Legendary fund manager Li Lu (whom Charlie Munger supported) once said, âThe biggest risk in investing is not price volatility, but the fact that you suffer a permanent loss of capital. It’s only natural to consider a company’s balance sheet when looking at its level of risk, as debt is often involved when a business collapses. We note that Graphic packaging portfolio company (NYSE: GPK) has debt on its balance sheet. But the most important question is: what risk does this debt create?
When Is Debt a Problem?
Debt helps a business until the business struggles to repay it, either with new capital or with free cash flow. In the worst case scenario, a business can go bankrupt if it cannot pay its creditors. However, a more common (but still painful) scenario is that he must raise new equity at low cost, thereby diluting shareholders over the long term. Of course, debt can be an important tool in businesses, especially capital intensive businesses. The first thing to do when considering how much debt a business uses is to look at its cash flow and debt together.
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What is Graphic Packaging Holding’s net debt?
As you can see below, at the end of June 2021, Graphic Packaging Holding was in debt of $ 3.63 billion, up from $ 3.38 billion a year ago. Click on the image for more details. However, it has $ 89.0 million in cash offsetting that, leading to net debt of around $ 3.54 billion.
A look at the liabilities of Graphic Packaging Holding
We can see from the most recent balance sheet that Graphic Packaging Holding had liabilities of US $ 1.46 billion maturing within one year and liabilities of US $ 4.57 billion maturing within one year. of the. In return, he had $ 89.0 million in cash and $ 593.0 million in receivables due within 12 months. As a result, its liabilities exceed the sum of its cash and (short-term) receivables by $ 5.35 billion.
This shortfall is sizable compared to its market capitalization of US $ 6.06 billion, so he suggests shareholders keep an eye on Graphic Packaging Holding’s use of debt. This suggests that shareholders would be heavily diluted if the company needed to consolidate its balance sheet quickly.
We use two main ratios to inform us about the levels of debt compared to earnings. The first is net debt divided by earnings before interest, taxes, depreciation, and amortization (EBITDA), while the second is the number of times its profit before interest and taxes (EBIT) covers its interest expense (or its coverage of interest, for short). The advantage of this approach is that we take into account both the absolute amount of debt (with net debt versus EBITDA) and the actual interest charges associated with this debt (with its coverage rate). interests).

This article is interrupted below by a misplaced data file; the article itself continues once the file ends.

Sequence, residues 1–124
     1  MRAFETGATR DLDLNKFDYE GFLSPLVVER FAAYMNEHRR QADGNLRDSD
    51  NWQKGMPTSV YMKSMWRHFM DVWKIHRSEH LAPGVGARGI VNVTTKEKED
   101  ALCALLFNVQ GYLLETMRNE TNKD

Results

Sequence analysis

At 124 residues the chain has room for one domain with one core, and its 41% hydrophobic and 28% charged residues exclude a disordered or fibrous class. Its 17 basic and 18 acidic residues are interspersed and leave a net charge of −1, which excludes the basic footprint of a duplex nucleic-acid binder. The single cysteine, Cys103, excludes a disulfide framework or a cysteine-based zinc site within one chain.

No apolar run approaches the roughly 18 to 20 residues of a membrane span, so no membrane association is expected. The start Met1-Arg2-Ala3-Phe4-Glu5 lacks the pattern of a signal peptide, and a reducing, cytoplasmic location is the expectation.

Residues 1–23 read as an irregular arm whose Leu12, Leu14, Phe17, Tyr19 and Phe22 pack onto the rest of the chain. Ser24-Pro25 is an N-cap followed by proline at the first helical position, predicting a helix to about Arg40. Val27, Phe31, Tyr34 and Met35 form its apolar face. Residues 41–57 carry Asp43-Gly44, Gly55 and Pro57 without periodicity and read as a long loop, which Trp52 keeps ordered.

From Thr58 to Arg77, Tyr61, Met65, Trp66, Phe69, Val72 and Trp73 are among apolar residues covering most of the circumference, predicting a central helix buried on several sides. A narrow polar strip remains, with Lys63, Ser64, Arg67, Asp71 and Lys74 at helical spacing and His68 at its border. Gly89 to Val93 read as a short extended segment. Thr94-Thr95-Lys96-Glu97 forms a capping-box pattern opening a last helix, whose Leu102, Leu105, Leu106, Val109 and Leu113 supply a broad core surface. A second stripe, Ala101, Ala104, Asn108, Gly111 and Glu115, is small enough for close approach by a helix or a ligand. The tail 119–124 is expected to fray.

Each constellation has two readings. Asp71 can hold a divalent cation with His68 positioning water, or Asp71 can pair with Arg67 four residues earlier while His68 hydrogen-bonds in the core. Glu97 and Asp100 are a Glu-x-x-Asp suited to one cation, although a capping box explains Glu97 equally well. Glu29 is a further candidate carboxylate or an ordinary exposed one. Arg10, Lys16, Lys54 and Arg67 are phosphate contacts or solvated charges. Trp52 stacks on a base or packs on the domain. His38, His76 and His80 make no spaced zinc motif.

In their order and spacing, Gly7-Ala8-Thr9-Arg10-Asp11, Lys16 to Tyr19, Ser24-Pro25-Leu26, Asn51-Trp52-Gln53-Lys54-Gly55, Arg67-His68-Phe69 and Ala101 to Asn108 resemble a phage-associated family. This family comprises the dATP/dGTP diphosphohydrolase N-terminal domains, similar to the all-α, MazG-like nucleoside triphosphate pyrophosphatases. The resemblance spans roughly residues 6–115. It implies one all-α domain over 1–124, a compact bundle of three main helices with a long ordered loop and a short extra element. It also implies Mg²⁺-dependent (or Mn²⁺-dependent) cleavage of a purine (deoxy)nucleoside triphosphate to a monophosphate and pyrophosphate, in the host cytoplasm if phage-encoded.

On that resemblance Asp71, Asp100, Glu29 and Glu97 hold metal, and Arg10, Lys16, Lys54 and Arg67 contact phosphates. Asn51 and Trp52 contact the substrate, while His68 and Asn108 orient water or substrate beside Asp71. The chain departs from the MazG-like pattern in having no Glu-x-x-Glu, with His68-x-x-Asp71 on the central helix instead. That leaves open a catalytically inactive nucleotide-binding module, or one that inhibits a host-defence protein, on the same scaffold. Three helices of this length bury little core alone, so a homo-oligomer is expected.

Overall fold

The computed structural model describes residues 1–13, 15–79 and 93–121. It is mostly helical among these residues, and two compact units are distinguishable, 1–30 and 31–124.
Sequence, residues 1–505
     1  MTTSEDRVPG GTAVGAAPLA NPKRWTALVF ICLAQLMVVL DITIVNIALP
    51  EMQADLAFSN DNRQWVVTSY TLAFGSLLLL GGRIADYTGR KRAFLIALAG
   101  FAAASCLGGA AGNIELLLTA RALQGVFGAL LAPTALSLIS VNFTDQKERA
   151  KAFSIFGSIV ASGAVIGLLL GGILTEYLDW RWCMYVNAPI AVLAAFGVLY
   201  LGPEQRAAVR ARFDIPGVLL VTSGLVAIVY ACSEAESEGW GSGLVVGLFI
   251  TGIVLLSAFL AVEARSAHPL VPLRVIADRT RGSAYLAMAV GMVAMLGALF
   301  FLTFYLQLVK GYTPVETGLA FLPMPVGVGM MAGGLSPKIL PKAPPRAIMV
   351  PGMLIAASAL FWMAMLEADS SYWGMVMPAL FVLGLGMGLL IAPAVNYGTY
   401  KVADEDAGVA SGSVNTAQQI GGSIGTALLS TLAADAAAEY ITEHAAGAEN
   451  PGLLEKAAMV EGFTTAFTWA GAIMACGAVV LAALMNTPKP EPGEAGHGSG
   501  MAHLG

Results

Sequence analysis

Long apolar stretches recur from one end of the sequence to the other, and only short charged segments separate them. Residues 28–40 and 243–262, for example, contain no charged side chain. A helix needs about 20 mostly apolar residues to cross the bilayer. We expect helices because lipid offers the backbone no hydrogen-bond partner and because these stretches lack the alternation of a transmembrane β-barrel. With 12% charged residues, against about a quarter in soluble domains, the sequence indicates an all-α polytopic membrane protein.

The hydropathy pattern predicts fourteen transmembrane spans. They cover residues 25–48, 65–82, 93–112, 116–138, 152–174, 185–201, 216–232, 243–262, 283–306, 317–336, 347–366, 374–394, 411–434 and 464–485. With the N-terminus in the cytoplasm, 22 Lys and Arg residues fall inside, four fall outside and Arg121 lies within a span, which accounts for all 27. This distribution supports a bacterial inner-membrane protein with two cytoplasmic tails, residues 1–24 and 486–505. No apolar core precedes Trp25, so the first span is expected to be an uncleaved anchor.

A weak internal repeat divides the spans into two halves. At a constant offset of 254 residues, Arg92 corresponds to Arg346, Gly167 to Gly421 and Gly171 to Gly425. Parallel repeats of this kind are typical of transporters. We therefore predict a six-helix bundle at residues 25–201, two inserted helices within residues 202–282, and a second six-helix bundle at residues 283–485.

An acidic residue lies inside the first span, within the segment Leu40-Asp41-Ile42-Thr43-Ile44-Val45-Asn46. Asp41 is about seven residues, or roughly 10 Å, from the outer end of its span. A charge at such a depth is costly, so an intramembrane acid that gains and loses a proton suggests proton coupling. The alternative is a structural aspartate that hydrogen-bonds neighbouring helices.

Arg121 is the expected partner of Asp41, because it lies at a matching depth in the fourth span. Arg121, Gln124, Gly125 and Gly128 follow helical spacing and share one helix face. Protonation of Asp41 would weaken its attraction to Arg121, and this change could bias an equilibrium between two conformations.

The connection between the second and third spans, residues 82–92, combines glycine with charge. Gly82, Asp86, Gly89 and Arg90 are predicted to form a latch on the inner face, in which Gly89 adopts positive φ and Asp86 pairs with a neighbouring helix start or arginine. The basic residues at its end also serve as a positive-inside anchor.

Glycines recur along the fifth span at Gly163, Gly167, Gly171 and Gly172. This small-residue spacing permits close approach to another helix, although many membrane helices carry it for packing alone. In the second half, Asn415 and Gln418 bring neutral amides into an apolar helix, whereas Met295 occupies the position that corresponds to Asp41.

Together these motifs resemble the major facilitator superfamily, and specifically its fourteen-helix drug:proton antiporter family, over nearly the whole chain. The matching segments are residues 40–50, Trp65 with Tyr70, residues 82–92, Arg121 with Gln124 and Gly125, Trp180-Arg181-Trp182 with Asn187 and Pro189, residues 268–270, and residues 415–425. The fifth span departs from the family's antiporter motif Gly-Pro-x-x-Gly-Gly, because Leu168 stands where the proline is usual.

Graphic Packaging Holding’s debt is 3.5 times its EBITDA and its EBIT covers its interest charges 4.4 times. This suggests that while debt levels are significant, we would stop calling them problematic. The good news is that Graphic Packaging Holding has increased its EBIT by 31% over the past twelve months. Like a mother’s loving embrace of a newborn, this type of growth builds resilience, putting the business in a stronger position to manage debt. The balance sheet is clearly the area you need to focus on when analyzing debt. But it is future profits, more than anything, that will determine Graphic Packaging Holding’s ability to maintain a healthy balance sheet going forward. So if you are focused on the future you can check this out free report showing analysts’ earnings forecasts.
Finally, a business needs free cash flow to repay its debts; accounting profits are not enough. We must therefore clearly check whether this EBIT generates a corresponding free cash flow. Over the past three years, Graphic Packaging Holding has reported free cash flow of 10% of its EBIT, which is really pretty low. This low level of cash conversion undermines its ability to manage and repay its debts.
Our point of view
Neither Graphic Packaging Holding’s ability to convert EBIT into free cash flow nor its level of total liabilities gave us confidence in its ability to take on more debt. But the good news is that he seems to be able to increase his EBIT with ease. Taking the above factors together, we believe that Graphic Packaging Holding’s debt presents certain risks to the business. So while this leverage increases returns on equity, we wouldn’t really want to see it increase from here. There is no doubt that we learn the most about debt from the balance sheet. However, not all investment risks lie on the balance sheet – far from it. For example – Graphic Packaging Holding has 4 warning signs we think you should be aware.
At the end of the day, sometimes it’s easier to focus on businesses that don’t even need to go into debt. Readers can access a list of growth stocks with zero net debt 100% free, at present.
This Simply Wall St article is general in nature. We provide commentary based on historical data and analyst forecasts using only unbiased methodology and our articles are not intended to be financial advice. It does not constitute a recommendation to buy or sell shares and does not take into account your goals or your financial situation. Our aim is to bring you long-term, targeted analysis based on fundamental data. Note that our analysis may not take into account the latest announcements from price sensitive companies or qualitative material. Simply Wall St does not have any position in the mentioned stocks.
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